Public Sector Reform

With the impact of the global recession continuing to squeeze and reshape economies around the world, public administrators are facing up to the challenging task of developing more innovative solutions to protect essential public service delivery frameworks and buffer the public sector reform process in the face of deep financial cuts.

There has been much debate in trying to define what public sector reform is, and how it should be implemented. The United Nations Economic and Social Council, in its 2006 paper, stated that:

Public sector reform consists of deliberate changes to the structures and processes of public sector organizations with the objective of getting them to run better. Structural change may include merging or splitting public sector organizations while process change may include redesigning systems, setting quality standards and focusing on capacity-building.

In terms of service delivery, governments around the world have to balance resources and investment with results and outcomes. Public Administration itself, whether at local, regional, federal, or national levels, comes under increasing public scrutiny as citizens come to regard this aspect of national activity in the same way as any other – one from which they expect efficiency, accountability, productivity and responsiveness. In order to meet citizen’s demands and to operate within the present financial constraints, public administrations are having to embrace reform.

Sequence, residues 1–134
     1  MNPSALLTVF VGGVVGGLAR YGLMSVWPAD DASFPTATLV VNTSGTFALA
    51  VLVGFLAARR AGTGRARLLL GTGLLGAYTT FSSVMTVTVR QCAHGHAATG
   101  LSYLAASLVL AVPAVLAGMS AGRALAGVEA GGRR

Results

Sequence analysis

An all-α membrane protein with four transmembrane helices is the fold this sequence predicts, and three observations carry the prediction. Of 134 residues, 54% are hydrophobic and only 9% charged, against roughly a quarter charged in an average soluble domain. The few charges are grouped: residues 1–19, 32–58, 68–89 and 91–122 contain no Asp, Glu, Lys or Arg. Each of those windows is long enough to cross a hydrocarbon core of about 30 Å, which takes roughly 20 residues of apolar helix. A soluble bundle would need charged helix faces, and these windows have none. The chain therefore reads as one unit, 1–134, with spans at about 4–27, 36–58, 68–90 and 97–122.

The International Centre for Parliamentary Studies (ICPS) carries out a substantial amount of work to support administrations across the world in their efforts to bring about change and reform, providing a range of different services:

ICPS research makes a significant contribution to learning about electoral processes, highlighting best practice, current trends and leading thinking. The Centre has a repository of materials, including research papers, films and documentaries, and works in collaboration with a number of academics, universities and research organisations across the world.

ICPS has developed a network for senior officials that have a professional interest in the field of electoral affairs, and provides opportunities throughout the year for them to gather and share ideas and best practice

ICPS provides consultancy services to public administrations around the world on areas including: voter registration, the role of technology, working with stakeholders, communications strategies, project management, managing data, training personnel, electoral psychology, managing polling day, awarding and managing contracts, holding the ballot count, technology and counting the vote, ensuring robustness and transparency, delivering reliable and internationally credible results, statutory models, boundary commissions, programmes for inclusion of minorities, all the way through to rebuilding states after conflict, and basic human rights.

ICPS provides training and advice to those involved in organising and overseeing elections, through working in collaboration and delivering bespoke training programmes which are tailored to their precise requirements. The Centre also provides internationally recognised professional qualifications in the areas of electoral processes, governance, Parliament and policy, and these are accredited by the Chartered Management Institute.


For any consultancy requirements, feel free to contact us.